Consequently, I began working on other ideas for books that I had mused about over the years. I was interested in writing on solitude and I had always had an idea to write a novel on my experience in the computer software business in the 1980s and 1990s. Those writing projects were a bit uninspired for me and were moving slowly.

The cost of my heart attack had been significant. First, I had strict orders from my Canadian and American doctors not to work for 30 days. This hampered my consulting work in a significant way and by May, two of my three clients did not renew their contracts with me.

Over the summer, I was immersed in publishing both of my books and decided to do a kickstarter project to help with funding. These were eventually successful projects, but took a great deal of my time and energy to accomplish. It was, then, not a huge surprise on Tuesday night August, 27, 2013, that I said to God, “My life is painful right now.”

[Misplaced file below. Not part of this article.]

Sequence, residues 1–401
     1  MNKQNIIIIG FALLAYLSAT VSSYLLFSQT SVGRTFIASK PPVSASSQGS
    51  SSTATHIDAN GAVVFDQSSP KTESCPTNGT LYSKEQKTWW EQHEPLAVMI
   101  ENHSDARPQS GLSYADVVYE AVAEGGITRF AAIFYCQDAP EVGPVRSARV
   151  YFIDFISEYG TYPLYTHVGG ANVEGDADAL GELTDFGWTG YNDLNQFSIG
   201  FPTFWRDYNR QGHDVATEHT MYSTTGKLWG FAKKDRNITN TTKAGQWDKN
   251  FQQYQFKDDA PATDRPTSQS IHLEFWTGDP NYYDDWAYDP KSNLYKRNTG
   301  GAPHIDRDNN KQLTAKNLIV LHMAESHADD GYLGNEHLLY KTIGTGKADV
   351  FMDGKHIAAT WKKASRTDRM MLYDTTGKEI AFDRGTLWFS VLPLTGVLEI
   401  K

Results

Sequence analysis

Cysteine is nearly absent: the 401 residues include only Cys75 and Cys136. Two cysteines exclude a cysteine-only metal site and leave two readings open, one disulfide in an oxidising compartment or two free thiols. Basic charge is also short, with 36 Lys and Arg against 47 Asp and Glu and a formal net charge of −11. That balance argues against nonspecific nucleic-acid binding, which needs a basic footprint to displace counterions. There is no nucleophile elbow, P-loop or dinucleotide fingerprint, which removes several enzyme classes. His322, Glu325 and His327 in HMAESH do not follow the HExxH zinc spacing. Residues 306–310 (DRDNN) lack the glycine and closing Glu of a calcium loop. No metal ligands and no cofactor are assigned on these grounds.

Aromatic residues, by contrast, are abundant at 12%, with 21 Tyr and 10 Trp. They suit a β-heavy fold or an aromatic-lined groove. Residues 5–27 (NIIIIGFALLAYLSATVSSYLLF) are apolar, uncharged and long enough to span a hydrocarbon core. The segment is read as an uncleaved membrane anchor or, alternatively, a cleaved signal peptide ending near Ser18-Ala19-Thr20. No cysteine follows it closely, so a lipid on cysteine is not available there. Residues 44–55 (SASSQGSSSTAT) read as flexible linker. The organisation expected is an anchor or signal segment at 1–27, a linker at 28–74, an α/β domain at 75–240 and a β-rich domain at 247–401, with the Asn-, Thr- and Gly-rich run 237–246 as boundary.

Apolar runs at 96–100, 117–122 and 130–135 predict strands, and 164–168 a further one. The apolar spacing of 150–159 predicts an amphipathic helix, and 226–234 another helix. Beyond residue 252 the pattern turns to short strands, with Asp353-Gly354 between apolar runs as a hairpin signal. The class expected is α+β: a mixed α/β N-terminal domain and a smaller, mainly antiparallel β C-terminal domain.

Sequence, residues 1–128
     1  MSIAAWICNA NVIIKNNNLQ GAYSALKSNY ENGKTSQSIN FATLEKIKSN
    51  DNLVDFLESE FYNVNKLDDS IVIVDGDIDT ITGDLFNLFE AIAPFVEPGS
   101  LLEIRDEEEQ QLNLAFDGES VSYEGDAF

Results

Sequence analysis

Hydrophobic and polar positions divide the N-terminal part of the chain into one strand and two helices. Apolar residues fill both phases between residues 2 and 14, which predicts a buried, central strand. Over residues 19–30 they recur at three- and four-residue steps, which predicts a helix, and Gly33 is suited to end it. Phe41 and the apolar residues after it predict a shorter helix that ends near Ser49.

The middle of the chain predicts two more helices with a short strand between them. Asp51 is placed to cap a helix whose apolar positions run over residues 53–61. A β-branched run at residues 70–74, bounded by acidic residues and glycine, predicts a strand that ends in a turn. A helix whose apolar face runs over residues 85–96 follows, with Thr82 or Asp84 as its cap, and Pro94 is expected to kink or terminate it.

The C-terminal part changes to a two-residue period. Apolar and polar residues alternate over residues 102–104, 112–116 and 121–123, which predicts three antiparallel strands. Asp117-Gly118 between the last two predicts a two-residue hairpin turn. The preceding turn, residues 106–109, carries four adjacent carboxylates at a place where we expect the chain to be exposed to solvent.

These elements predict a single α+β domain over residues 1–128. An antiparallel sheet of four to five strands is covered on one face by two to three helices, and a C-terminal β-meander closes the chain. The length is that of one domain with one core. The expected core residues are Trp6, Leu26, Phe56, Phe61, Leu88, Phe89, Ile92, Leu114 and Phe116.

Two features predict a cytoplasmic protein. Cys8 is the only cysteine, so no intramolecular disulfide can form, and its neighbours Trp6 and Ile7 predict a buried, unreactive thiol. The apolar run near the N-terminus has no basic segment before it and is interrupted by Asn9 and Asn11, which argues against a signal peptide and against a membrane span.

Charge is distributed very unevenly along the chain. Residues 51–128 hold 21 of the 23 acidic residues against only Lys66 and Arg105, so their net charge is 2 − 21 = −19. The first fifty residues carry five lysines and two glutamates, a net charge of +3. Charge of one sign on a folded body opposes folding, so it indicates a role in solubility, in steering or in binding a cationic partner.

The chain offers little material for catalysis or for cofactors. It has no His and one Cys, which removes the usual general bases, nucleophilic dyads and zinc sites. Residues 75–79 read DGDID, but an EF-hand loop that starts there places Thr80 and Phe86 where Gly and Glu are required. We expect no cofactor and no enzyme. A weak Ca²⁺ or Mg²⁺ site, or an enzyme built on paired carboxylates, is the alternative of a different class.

What was a surprise was God’s reply, “Why aren’t you writing about it?”

Wow. I knew exactly what he meant. The reason that so many of my friends and family had responded positively to my short essays about my heart attack that formed the basis of the book “Sacred Heart Attack” was the personal nature of my sharing with which they identified. Many have commented that they felt like I was sitting beside them telling a story. They felt my presence in my writing.

And some readers had begun to ask me how I was doing now and was I going to write any more. The bottom line for me was that my best writing was from my own experiences. My ability to be open and honest about my experience of life and God was relatable to others.